One of the most common causes of traffic accidents is distracted driving. If drivers paid more attention more often, a great percentage of car accidents simply would not happen. But the reality is that a sizable number of drivers regularly engage in distracted driving on the highways, city streets, and back roads of every state in the nation.
How Many Types of Distracted Driving Are There?
You may wonder, how many types of distracted driving are there? In today’s modern world, there are numerous ways in which a driver may be distracted while driving. And in most cases, there exists no reasonable justification for a driver to become distracted. For this reason, distracted drivers are typically found to be liable for accidents they are involved in.
So how many types of driver distractions are there exactly? There are many, all of which fit into one of three categories: visual, manual, and cognitive.
Visual distractions are quite dangerous. They take a driver’s eyes off of the road and away from the number of stimuli and factors drivers must balance while driving. Within one second or two, a driver who is visually distracted can find themselves in a horrific crash.
Common visually distracted behavior that drivers engage in include:
- Reading texts and other electronic communications
- Reading web pages
- Spending too much time watching a GPS tool
- Rubbernecking crashes on the side of the road
- Looking at other passengers
Sadly, the advent of portable electronic devices has increased the number of visually distracted driving cases. In turn, driving has become, at least in this sense, more dangerous. According to the Centers for Disease Control, a texting driver going 55 mph takes their eyes off the road for the entire length of a football field.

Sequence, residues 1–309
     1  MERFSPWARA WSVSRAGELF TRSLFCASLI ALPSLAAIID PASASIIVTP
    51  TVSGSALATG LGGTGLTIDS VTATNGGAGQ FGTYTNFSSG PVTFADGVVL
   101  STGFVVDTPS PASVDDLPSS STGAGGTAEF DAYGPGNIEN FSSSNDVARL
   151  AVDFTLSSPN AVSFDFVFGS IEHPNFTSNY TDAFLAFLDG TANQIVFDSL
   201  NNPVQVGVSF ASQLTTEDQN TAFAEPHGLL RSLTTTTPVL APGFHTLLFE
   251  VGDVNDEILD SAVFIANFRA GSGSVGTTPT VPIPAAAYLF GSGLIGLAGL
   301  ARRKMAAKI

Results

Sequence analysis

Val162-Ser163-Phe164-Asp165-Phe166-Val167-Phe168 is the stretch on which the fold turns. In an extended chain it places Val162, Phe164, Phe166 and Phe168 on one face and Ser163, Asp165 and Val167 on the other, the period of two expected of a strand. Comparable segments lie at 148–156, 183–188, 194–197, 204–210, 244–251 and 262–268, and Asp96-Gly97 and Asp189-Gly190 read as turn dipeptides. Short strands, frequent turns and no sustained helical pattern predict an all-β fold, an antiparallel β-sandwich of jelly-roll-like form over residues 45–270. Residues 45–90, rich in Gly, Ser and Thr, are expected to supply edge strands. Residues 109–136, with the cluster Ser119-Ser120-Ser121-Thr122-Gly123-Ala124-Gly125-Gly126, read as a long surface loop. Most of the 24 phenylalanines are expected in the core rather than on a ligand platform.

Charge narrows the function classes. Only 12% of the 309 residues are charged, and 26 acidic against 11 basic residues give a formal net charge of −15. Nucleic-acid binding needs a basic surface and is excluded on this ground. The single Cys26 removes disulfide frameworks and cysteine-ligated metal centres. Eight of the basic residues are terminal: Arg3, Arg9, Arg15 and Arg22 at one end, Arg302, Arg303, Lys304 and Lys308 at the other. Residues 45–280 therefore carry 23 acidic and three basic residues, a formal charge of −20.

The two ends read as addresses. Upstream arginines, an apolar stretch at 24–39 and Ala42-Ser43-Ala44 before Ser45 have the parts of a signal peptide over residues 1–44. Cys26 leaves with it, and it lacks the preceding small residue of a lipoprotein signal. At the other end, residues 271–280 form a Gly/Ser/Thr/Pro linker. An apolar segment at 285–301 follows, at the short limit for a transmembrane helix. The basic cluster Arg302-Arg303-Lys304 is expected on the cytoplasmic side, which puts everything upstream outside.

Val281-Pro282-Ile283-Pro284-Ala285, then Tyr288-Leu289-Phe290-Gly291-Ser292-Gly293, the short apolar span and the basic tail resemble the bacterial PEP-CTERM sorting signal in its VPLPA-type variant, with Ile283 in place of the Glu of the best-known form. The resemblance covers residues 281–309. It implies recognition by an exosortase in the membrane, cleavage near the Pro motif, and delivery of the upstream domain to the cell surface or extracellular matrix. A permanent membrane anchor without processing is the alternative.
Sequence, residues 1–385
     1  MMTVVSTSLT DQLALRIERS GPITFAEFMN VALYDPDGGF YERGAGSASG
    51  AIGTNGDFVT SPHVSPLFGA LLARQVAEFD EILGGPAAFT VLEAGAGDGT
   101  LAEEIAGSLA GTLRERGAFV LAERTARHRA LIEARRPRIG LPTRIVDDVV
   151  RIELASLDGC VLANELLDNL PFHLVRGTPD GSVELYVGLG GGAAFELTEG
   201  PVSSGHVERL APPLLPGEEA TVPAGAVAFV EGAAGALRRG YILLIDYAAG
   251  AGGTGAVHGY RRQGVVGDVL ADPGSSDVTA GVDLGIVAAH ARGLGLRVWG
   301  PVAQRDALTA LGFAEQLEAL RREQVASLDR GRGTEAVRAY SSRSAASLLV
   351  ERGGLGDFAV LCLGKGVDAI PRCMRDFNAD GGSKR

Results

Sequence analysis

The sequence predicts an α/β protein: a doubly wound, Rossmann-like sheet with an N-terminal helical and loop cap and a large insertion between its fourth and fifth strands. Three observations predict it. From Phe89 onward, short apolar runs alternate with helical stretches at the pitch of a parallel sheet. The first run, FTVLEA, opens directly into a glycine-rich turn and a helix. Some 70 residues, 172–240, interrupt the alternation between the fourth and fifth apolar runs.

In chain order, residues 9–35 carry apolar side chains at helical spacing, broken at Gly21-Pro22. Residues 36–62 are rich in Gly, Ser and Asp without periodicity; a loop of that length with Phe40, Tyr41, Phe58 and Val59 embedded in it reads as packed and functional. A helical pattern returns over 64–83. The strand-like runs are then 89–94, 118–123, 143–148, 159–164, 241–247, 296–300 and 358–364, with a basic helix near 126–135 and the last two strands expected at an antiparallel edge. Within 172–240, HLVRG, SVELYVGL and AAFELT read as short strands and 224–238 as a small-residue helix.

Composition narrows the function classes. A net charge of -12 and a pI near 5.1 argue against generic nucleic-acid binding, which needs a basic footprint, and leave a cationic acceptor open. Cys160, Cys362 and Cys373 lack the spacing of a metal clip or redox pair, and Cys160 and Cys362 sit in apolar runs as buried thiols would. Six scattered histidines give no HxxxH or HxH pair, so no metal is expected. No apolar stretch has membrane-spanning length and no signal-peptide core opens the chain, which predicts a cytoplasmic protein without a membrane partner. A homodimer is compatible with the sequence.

Manual distractions include those distractions that force drivers to take their hands off the wheel. Without both hands regularly on the wheel, a driver has a higher chance of causing or failing to avoid an accident.
Some of the most common manual distractions that drivers experience include:
- Texting and posting messages and content
- Reaching for objects
- Removing articles of clothing while driving, such as a jacket or shirt
- Eating and drinking
Drivers may also find themselves manually distracted by helping others with their seat belts or car seats. Sometimes drivers are distracted because of passenger drinking. You can check about open container law va to understand if is it legal or not.
Regardless of how a manual distraction occurs, the accidents that result are often serious and many times deadly.
Cognitive distractions are distractions of the mind that occur even when the driver’s hands are on the wheel and eyes are on the road. They cause a driver to lose focus on driving, making them unable to fully process the many variables that present while driving.
Examples of cognitive distracted driving include:
- Listening to audiobooks or podcasts
- Using hands-free devices, such as phones
- Talking to others in the vehicle